(last updated July 2019)
What has been happening in the fish and chips sector
Fish and chips, although still a great British tradition, has suffered a decline over the last couple of decades. The fast food and take-away market saw many changes, with strong competition coming from burger bars, Chinese and Indian take-aways, pizza and kebab outlets. All of these gave people a huge amount of choice. Fish and chip shops didn't move with the times - people began to think of them as dull and old fashioned. Fish and chips also came to be seen as an unhealthy meal because everything is fried in fat.
All this meant that, while other fast food sectors have prospered in recent years, fish and chips were left behind.
Recently, many fish and chip shops have woken up to the fact that they need to change. Some of the ways in which fish and chip shops have successfully adapted to changing times include:
- refurbishing the shop, to make it look smart and attractive
- serving a range of different meals, for example pizzas and burgers and vegetarian options
- always serving top quality meals, cooked with the best available ingredients
- trying new healthier cooking methods and reducing salt levels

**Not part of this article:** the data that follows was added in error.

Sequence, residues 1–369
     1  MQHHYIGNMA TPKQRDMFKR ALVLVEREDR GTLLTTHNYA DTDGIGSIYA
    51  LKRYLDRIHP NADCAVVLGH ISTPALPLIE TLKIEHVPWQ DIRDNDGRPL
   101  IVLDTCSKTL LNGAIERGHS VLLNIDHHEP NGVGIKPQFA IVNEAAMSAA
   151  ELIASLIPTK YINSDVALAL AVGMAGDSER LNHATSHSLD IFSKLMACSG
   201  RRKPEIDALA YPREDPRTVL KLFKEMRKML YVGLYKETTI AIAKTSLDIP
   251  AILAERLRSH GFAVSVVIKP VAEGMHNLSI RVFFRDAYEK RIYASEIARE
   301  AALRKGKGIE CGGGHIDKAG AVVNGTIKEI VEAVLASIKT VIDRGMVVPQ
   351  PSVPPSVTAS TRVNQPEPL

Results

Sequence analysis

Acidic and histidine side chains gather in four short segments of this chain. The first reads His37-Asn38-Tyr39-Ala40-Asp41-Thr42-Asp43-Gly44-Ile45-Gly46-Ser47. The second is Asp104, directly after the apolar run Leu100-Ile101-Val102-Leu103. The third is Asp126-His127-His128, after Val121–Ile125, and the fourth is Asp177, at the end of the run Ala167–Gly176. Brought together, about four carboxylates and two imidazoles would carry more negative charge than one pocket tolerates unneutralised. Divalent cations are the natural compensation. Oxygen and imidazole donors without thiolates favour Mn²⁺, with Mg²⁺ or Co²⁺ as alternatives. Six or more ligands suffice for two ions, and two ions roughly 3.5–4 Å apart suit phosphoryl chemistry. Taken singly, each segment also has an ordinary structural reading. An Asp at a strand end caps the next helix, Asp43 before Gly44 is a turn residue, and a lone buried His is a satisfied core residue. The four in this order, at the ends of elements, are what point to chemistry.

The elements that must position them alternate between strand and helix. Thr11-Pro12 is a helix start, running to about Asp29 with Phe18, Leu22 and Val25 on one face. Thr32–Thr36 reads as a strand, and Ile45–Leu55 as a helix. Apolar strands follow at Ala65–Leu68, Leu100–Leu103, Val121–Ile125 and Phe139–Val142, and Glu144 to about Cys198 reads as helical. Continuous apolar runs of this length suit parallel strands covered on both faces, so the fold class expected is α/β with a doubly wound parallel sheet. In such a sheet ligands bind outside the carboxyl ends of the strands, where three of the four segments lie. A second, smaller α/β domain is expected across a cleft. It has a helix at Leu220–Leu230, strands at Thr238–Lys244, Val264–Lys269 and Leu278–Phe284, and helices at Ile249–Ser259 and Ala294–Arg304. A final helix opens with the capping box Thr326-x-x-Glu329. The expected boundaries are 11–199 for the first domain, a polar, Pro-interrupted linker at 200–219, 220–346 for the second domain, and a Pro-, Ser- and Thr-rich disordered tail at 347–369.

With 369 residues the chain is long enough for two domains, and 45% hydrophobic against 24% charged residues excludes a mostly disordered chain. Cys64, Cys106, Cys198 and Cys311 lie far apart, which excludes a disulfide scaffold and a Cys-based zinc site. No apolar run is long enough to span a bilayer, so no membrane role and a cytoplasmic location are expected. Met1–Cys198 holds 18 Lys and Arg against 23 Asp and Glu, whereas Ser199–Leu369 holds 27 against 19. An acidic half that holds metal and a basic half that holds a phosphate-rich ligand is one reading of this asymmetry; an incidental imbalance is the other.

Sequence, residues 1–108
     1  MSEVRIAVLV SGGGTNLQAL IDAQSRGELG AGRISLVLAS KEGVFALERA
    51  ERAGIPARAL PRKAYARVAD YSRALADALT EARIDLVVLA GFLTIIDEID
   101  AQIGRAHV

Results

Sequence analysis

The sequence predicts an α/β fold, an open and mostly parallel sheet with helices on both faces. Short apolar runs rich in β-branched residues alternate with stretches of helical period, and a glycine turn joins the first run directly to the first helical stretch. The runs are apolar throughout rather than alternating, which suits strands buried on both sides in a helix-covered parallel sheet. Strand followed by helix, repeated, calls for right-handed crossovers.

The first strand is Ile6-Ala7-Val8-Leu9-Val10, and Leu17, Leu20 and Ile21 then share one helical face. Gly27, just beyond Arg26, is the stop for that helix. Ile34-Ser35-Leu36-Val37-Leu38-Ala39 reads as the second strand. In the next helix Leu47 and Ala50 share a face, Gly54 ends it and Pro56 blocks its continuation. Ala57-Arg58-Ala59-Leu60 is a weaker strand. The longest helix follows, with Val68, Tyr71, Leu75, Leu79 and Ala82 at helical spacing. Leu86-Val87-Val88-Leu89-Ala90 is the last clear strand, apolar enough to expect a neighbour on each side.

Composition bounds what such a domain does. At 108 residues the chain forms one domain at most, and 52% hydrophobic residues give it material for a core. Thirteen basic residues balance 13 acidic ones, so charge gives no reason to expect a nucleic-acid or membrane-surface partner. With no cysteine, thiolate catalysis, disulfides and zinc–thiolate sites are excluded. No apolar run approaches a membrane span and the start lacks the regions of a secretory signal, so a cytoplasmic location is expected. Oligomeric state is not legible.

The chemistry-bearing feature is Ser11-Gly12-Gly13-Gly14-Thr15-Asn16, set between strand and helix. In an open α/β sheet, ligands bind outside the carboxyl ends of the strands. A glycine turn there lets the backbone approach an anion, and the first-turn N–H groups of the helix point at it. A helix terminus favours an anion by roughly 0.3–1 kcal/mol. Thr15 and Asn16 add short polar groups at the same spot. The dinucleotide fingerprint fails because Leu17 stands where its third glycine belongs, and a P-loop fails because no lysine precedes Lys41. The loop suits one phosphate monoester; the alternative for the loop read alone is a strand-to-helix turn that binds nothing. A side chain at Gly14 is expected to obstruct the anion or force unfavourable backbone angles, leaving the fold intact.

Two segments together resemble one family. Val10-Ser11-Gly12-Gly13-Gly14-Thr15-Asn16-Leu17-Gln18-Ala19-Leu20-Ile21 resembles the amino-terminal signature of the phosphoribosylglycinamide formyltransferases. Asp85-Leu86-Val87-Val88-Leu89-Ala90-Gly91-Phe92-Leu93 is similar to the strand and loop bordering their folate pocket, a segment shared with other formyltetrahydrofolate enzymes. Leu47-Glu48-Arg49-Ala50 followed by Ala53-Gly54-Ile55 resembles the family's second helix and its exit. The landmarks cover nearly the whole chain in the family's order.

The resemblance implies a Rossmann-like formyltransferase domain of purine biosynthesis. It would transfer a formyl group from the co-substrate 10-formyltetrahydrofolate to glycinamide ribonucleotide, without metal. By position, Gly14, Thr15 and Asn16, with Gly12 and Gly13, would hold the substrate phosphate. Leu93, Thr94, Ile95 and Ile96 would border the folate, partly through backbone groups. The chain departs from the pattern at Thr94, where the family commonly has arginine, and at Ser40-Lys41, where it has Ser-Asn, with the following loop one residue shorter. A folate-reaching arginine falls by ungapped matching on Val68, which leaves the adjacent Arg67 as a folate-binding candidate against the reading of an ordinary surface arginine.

- offering smaller lunchtime portions and 'meal deals'
- sourcing fish and potatoes as locally and sustainably as possible
- offering a range of home-made items like pies, tartare sauce and coleslaw
As a result, industry research shows that since 2015 fish and chips have seen an upturn in sales, with the number of meal servings rising by over 5% in 2018 alone.
Trade bodies representing the fish frying industry have made great efforts to promote fish and chips as a national institution that is part of Britain's heritage. The two main trade associations are:
- the National Federation of Fish Friers, New Federation House, 4 Greenwood Mount, Meanwood, Leeds LS6 4LQ
- Seafish, 18 Logie Mill, Logie Green Road, Edinburgh EH7 4HS
The National Federation of Fish Friers publishes the Fish Friers Review, which is a useful source of information on forthcoming legislation, trade trends and new products. NFFF members benefit from being included in the NFFF smartphone app ifish4chips - this directs potential customers to members' businesses.
The last few years saw fish stocks coming under threat because of over-fishing, and strict quota limits on chip shop favourites cod and haddock pushed up prices. Many fish and chip shops started to offer alternatives like pollack and hake instead and by the mid 2010s cod stocks had recovered enough to be considered sustainable once again by the Marine Stewardship Council.